I have some experience with this.  When I was younger, my dad worked with the benevolence ministry at church.  My brother and I went with him sometimes.  In particular, I remember one Christmas Eve–or maybe Christmas Eve Eve, it’s been a long time–that we spent most of the day gathering cans and boxes from the church’s pantry, buying other items at Big Brothers, and then delivering groceries to several needy families.  As a young boy, it was an eye-opening experience–delivering help to families who were in want of even the basics.

But, Clam Chowder?  In a food drive?  Well, perhaps in these modern times anything is possible.

I like the way my church, Madison Church of Christ, organizes food drives.  There is a list of items for a Thanksgiving meal: corn, dressing, gravy, etc.  Families who want to help do so by buying the items on the list and bringing them to the church building.  Other people contribute money which goes to a meat voucher for each bag.  This means each family gets food they really need.

However, in the end, I guess it’s the thought that count.  I guess that someone, somewhere, is hoping for Starbucks coffee for Christmas.

November 1, 2008

Christmas Music On November 1? Enough already.

Filed under: General — Wayne @ 8:53 pm
Tags: , ,

I was in Wal-Mart today doing the weekly marketing and

What to my wondering ears did appear
but an worn-out Christmas song no one wanted to hear.

It was I’ll be Home for Christmas.  Ironically, I was buying hot chocolate mix at the time.  (Swiss Miss as recommended by Cooks Illustrated.)  I also heard Rudolph the Red-Nose Reindeer and the Hallelujah Chorus (When did that become a Christmas song?)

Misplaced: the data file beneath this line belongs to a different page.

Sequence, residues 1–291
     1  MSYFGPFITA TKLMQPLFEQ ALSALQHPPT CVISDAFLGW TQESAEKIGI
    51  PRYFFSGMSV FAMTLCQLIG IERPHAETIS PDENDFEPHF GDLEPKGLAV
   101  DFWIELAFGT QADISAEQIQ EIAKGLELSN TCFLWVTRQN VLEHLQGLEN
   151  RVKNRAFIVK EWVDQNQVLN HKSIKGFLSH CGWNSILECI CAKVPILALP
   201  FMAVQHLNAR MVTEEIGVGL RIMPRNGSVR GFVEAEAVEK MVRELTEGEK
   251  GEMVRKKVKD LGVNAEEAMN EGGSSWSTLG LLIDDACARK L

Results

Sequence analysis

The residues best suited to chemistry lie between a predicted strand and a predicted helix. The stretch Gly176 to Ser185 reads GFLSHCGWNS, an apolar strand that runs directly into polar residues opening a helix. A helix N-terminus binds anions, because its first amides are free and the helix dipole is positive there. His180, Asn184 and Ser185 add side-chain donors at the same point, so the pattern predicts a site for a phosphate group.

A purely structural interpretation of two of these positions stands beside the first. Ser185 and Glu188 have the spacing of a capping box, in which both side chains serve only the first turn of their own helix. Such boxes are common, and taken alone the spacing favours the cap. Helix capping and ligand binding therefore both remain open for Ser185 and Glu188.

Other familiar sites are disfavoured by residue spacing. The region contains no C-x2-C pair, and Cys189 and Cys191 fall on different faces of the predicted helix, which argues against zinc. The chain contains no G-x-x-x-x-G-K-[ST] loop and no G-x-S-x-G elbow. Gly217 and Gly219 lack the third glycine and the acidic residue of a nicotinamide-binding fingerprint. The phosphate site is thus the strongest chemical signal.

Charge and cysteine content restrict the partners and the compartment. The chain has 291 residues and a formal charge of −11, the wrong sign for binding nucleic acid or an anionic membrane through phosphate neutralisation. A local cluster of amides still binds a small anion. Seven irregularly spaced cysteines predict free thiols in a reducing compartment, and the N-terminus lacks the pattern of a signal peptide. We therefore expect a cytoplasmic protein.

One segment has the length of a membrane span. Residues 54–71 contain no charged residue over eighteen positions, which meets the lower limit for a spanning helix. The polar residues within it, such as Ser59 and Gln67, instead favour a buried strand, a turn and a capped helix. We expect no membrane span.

I guess now that Halloween is over, it’s time for Christmas merchandise and Christmas music.  I remember when we didn’t have to start dealing with non-stop Christmas until after Thanksgiving.  Those were the good old days.

Who is it anyway that wants to hear Christmas music in early November?  No one that I know; at least no one who will admit it.  It’s like fruitcake–no one you know wants one but stores seem to think every one wants at least a dozen.

I’m not opposed to Christmas music.  I like it just as much as the next guy–unless the next guy is Burl Ives.  But, when you are saturated with it for so much of the year it becomes annoying, just like a Top 40 song in heavy rotation.  Or, at least for me, a Top 40 song in any rotation.

So people, let’s unite to over-throw the tyrannical conspiracy to devalue Christmas music by forcing it upon us non-stop.  Let’s stand up and fight to redeem our musical heritage.  Let’s barge into the stores and Muzak offices and shout to the ceilings “Enough is Enough” until they relent in their mind-numbing quest.